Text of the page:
Newcastle boss Eddie Howe has defended the club’s decision to travel to Saudi Arabia for a mid-season training camp amid criticism from human rights campaigners.
The Magpies party headed for the Middle East after Saturday’s 1-0 win over Leeds.
Amanda Staveley’s consortium, in which Saudi Arabia’s Public Investment Fund owns an 80 per cent stake, bought the club in October last year and did so against a background of concern over the Gulf state’s human rights record and accusations of “sportswashing”.
Asked what he would say to those who considered the warm weather camp controversial, head coach Howe said: “It’s a football decision.
“We’re doing it for the benefit of the players, the group, in our fight to stay in the division, and that’s my only thought.
“The facilities and everything around the trip are going to be first-class. We will train and we will train hard and we will train in preparation for our next game, so that’s always going to be my only focus.”
Staveley’s consortium had to give assurances to the Premier League of the separation between PIF, of which Crown Prince Mohammed bin Salman is the chairman and club chairman Yasir Al-Rumayyan the governor, and the State in order for its takeover to be approved.
Asked further if he would be happy to meet Mohammed bin Salman and if that might prove a distraction, Howe added: “There’ll be no distraction from my side.
“As I said, it’s about the training and making sure that the players are focused on our next game. We’re just doing it in a different environment to bring the group closer together.”
Amnesty International UK, however, warned that Newcastle’s trip could become “a glorified PR exercise for Mohammed bin Salman’s government”.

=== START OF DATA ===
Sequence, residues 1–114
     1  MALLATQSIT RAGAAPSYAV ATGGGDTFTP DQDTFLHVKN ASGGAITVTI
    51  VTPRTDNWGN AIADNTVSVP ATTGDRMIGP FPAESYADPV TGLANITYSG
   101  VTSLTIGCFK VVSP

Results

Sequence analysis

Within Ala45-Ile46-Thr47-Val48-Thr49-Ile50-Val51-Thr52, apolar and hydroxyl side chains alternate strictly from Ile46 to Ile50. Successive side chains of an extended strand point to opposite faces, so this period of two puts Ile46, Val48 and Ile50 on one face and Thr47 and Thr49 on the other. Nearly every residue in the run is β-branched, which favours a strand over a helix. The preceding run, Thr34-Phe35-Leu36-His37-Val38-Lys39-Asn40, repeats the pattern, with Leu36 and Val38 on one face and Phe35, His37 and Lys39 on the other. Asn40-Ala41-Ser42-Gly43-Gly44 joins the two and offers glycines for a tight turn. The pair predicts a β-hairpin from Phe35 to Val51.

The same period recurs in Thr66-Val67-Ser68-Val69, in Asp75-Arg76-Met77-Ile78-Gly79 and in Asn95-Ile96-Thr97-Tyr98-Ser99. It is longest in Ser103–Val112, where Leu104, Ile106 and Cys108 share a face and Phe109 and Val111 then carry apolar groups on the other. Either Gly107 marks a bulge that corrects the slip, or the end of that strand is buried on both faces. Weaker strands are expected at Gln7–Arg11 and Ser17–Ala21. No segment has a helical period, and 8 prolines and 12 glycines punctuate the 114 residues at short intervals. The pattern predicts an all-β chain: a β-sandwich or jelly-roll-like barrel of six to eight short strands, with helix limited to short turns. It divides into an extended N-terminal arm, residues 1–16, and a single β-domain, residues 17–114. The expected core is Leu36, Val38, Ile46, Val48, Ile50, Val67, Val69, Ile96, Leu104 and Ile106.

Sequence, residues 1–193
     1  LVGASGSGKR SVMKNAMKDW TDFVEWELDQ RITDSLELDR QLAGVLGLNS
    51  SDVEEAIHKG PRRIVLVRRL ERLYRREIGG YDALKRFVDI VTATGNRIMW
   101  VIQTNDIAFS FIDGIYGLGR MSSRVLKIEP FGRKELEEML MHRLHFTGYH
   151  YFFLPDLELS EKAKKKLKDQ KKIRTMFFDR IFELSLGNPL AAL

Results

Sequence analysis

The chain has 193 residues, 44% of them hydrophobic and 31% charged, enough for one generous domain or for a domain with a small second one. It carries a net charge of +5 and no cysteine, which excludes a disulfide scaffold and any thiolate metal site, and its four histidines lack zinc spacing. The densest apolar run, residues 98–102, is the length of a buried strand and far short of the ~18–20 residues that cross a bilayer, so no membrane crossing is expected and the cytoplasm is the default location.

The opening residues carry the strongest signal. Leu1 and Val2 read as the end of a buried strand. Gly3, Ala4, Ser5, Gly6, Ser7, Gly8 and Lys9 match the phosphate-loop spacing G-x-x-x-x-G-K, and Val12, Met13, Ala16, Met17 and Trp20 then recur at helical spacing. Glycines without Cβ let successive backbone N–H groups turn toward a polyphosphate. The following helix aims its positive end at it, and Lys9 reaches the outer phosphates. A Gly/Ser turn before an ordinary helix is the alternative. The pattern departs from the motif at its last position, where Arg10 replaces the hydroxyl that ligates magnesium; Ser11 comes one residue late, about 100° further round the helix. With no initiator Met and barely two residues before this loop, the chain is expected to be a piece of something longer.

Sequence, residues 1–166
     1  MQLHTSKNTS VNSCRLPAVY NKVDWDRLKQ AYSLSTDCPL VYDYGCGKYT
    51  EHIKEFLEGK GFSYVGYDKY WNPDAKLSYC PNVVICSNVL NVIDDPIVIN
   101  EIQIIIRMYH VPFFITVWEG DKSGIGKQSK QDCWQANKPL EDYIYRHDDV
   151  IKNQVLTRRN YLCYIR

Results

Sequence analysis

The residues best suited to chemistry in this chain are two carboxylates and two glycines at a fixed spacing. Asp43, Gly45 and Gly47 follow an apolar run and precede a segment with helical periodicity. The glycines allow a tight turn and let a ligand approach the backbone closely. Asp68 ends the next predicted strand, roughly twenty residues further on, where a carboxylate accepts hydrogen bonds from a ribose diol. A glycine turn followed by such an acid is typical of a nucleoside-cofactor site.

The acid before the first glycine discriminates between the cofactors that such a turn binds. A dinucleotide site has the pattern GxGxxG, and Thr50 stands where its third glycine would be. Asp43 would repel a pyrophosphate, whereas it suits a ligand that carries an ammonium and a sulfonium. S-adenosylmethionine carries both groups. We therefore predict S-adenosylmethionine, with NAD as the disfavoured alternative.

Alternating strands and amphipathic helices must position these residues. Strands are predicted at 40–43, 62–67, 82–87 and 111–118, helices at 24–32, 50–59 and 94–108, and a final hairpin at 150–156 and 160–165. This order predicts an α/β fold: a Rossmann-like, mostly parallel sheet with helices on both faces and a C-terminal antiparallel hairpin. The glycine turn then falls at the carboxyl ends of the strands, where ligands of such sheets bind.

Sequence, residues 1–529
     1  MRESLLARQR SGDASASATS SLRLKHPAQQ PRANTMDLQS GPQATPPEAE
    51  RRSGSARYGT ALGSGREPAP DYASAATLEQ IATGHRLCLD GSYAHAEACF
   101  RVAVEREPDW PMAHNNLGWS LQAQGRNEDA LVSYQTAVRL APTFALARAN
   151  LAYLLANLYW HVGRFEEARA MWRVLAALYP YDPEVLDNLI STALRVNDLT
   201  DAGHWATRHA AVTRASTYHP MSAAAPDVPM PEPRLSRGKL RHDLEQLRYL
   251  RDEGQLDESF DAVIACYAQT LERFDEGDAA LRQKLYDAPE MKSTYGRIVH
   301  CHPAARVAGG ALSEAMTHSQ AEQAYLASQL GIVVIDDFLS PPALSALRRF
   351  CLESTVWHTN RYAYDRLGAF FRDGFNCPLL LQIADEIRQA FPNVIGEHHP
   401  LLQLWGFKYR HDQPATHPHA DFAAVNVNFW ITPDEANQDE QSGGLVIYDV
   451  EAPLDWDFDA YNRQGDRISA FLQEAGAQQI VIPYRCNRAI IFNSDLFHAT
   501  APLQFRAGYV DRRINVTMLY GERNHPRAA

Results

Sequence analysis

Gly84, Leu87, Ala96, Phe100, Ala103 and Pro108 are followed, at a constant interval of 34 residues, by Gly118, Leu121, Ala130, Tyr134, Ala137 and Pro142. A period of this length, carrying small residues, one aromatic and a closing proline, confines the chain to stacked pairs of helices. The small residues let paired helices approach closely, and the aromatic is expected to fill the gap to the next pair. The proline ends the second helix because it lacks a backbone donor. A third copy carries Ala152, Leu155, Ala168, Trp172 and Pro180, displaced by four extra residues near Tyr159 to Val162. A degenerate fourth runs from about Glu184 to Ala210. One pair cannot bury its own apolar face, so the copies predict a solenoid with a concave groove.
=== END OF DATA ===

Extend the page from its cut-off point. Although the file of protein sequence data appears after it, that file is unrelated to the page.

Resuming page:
Chief executive officer Sacha Deshmukh said: “A training camp like this could easily turn into yet another PR opportunity for the Saudi authorities, who are clearly pursuing an aggressive policy of trying to sportswash their appalling human rights record.
“Under Mohammed bin Salman, the human rights situation in Saudi Arabia has become increasingly repressive with government critics, women’s rights campaigners, Shia activists and human rights defenders harassed and jailed, often after blatantly unfair trials.
“The closed-door trial of Jamal Khashoggi’s alleged killers was little more than a whitewash and Saudi Arabia is implicated in an entire catalogue of crimes under international humanitarian law in the long-running conflict in Yemen.
“Newcastle players, the manager and all backroom staff ought to be prepared to speak out about human rights while in Saudi Arabia. Doing so will be a powerful sign of support for Saudi Arabia’s beleaguered human rights community.
“If the Newcastle training camp becomes a glorified PR exercise for Mohammed bin Salman’s government, it will prove once again that sportswashing human rights crimes is the name of the game here, not football.”